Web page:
EFL Trophy: What next for English football's most divisive competition?
Devalued, important for youth development, a theatrical disaster, a success story, terrible for public relations. The Checkatrade Trophy was called many things this season.
But one thing is for certain - the revamped and renamed English Football League Trophy in 2016-17 was controversial, with fans across the country boycotting many games as clubs with Category One academies from the Premier League and Championship were invited to compete.
Lower-league clubs were even fined for selecting "weakened" teams and Bradford changed their goalkeeper after three minutes to comply with the rules for the most irrelevant piece of silverware on offer in the top four tiers of the English game.
While Coventry were crowned champions in front of nearly 75,000 spectators at Wembley Stadium - in what was described as a "fairytale in a bubble" for much maligned Sky Blues fans - the merits and future of the competition continue to be debated after EFL chief executive Shaun Harvey said it "does have a future" in its revamped format.
Before Tuesday's meeting of League One and League Two clubs, where the competition's format will be discussed, BBC Sport spoke to club bosses, managers, coaches, fans and public relations professionals about the divisive competition.
Anger replaced by positive vibes
League Two side and semi-finalists Luton Town were among the most heavily-fined clubs in the tournament, as one of two teams slapped with a £15,000 penalty for failing to field 'full-strength' sides in the group stages.
They were also one of the most vocal critics of the competition - traditionally a knockout tournament for League One and League Two clubs - before going on to earn £130,000 in prize money, all while unapologetically defying competition rules to field youth players.
Hatters chief executive Gary Sweet told BBC Sport: "We took the view, however, that the fines were an investment in our youth system to benefit the club in the long run.
"Purely from a Luton Town perspective, giving so many of our young players a genuine opportunity to showcase their talent in first-team games turned an adverse feeling about the competition into a positive vibe, despite being harshly fined the maximum tariff for breaking Rule 7.3 concerning team selection.
"Our progress to the semi-finals was an obvious bonus and a clear indication that our youngsters deserved their inclusion.
"We showed the competition a tremendous amount of respect from day one, but strongly felt we should be able to use it to give our academy talent a chance to experience senior football, especially given that the initial principle of the revised format was to promote young talent.
"We do not believe that right should be exclusive to Category One clubs and found it perplexing when the EFL promoted its statistical success in this area whilst issuing maximum fines to us and other clubs for following a strategic directive."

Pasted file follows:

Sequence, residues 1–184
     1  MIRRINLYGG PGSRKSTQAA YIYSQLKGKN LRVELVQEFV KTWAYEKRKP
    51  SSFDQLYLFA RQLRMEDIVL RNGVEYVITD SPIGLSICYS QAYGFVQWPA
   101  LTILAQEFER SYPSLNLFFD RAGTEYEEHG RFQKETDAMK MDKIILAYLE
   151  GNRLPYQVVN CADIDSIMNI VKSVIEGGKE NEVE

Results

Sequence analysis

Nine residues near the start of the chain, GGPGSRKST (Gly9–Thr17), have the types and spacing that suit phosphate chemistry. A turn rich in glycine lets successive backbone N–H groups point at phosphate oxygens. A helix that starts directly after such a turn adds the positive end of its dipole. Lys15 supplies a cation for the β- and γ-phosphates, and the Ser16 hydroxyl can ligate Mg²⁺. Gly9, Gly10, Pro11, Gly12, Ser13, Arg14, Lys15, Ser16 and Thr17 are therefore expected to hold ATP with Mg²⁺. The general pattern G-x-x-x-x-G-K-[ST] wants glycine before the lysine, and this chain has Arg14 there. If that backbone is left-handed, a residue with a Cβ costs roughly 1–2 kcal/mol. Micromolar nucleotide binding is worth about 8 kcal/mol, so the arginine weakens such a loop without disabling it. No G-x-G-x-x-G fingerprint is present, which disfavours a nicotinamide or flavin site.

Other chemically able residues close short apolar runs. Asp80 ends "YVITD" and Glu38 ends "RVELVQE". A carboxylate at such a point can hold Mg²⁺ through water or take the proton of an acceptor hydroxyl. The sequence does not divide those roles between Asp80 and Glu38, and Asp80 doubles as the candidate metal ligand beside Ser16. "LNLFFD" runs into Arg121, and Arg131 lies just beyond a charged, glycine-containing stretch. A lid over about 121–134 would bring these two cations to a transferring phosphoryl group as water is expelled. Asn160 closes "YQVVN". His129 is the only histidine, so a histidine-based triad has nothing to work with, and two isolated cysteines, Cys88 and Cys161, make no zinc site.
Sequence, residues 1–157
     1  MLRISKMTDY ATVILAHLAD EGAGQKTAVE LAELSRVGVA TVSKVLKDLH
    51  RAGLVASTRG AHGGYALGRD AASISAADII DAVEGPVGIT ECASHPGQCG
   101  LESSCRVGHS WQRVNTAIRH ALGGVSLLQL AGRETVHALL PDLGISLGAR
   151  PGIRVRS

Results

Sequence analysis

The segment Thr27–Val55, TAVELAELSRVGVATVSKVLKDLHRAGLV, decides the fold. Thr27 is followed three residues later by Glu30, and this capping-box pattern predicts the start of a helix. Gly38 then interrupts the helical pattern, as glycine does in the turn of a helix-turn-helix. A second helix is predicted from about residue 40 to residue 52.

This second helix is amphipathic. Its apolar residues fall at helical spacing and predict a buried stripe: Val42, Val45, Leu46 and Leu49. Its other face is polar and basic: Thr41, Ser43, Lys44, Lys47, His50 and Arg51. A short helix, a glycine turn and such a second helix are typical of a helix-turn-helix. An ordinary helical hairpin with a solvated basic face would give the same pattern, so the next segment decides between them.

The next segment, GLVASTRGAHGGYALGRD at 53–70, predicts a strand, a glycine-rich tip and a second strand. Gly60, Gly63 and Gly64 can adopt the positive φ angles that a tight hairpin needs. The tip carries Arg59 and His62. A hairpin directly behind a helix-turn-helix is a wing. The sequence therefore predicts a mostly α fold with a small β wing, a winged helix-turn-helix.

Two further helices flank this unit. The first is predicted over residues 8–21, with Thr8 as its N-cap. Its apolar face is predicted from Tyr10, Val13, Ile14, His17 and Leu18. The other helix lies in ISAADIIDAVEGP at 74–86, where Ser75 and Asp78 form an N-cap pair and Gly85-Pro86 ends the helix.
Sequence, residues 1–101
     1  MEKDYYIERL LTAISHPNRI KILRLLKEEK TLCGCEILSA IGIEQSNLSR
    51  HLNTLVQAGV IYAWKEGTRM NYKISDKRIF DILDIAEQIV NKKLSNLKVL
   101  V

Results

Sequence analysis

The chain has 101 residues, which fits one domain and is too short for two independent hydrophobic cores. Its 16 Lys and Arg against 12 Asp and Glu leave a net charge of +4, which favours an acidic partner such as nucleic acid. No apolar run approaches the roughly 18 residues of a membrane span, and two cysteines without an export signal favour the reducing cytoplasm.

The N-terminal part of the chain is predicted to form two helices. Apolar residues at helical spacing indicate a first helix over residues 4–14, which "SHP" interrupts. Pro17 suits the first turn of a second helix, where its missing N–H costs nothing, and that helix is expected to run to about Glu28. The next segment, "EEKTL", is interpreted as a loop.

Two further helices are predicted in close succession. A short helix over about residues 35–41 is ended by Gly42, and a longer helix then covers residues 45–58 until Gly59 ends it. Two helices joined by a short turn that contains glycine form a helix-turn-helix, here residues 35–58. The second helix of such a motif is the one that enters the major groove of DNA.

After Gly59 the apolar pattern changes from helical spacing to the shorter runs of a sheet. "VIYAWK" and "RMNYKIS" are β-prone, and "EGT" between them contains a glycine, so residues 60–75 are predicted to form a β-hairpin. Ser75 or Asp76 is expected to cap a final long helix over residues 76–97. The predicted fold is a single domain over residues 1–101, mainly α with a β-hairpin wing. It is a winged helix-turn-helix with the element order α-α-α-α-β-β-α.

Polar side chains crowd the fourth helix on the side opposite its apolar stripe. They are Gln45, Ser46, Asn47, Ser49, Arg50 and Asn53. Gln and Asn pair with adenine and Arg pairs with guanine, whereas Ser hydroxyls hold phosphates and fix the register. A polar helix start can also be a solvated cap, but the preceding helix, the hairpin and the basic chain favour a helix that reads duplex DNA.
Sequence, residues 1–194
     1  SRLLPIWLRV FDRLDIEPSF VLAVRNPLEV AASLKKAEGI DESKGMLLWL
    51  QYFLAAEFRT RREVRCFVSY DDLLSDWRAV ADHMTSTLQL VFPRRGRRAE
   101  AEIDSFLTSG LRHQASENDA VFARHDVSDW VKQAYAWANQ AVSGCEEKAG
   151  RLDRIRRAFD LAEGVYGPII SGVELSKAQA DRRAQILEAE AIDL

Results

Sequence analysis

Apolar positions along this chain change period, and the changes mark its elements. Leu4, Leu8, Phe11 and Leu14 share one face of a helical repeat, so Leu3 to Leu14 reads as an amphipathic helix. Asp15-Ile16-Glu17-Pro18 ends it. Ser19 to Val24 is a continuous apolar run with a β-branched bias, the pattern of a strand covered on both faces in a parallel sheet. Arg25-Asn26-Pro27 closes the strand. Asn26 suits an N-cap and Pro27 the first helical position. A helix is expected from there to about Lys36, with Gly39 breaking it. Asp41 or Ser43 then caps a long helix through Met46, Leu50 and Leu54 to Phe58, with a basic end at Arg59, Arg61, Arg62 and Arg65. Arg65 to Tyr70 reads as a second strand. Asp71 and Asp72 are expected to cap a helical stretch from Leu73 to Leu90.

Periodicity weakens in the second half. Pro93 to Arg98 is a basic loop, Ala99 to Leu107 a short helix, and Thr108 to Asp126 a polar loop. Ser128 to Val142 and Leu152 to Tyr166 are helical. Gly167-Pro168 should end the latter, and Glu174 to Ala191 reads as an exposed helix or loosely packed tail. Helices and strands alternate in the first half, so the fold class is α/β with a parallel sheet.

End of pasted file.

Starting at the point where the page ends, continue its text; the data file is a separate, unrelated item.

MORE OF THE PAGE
Statistics provided by the EFL state that 27% of players who started Checkatrade Trophy matches were English under-21s (up from 23% in 2015-16, and 18% in 2014-15).
On average, 67% of Luton's starting XI - and 78% of their matchday squads - for the group games were under-21 and English. They even fielded the youngest first-team player in their history, with 15-year-old Connor Tomlinson coming off the bench in their win at Gillingham.
Luton say their progress and emphasis on youth "excited and engaged" fans, so much so that half of the fines the club received were paid off by supporter donations.
Elephant in the room
Luton, who were among five clubs to release statements to confirm they voted against the pilot when the revamped competition was confirmed in June 2016, point to bigger issues around the inclusion of second-string Premier League sides as there remains lingering concerns about clubs fielding B teams in lower divisions.
"If Premier League clubs are supportive of extended entry, our position is that we would get behind a restructured proposal as long as team selection restrictions are removed and other measures to promote the competition to fans are included," added Sweet.
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"Let's put aside the elephant in the room - the issue of B teams. If we ever felt there was ever a possibility of a reformatted Checkatrade Trophy leading to an introduction of B teams into our league structure we would categorically oppose it whatever incentives were on offer.
"Upon receipt of assurances that the inclusion of Category One academy clubs was not the thin end of the wedge, which included a positive change in voting power for clubs, and putting aside the less-than-articulate communication of its introduction, we can't deny that there are some positive footballing advantages to the dynamics of playing academy teams."
EFL must take note of empty 'theatres'
The early stages of the revamped competition were marked by poor, and in some cases miniscule, crowds.
Only 274 watched West Brom Under-21's lose at home to Gillingham on 8 November, the lowest crowd in this season's competition.
Coventry City, who ended up taking more than 43,000 fans to Wembley, attracted their lowest-ever attendance to a first-team game when only 1,338 spectators turned up for the second-round tie against Crawley Town.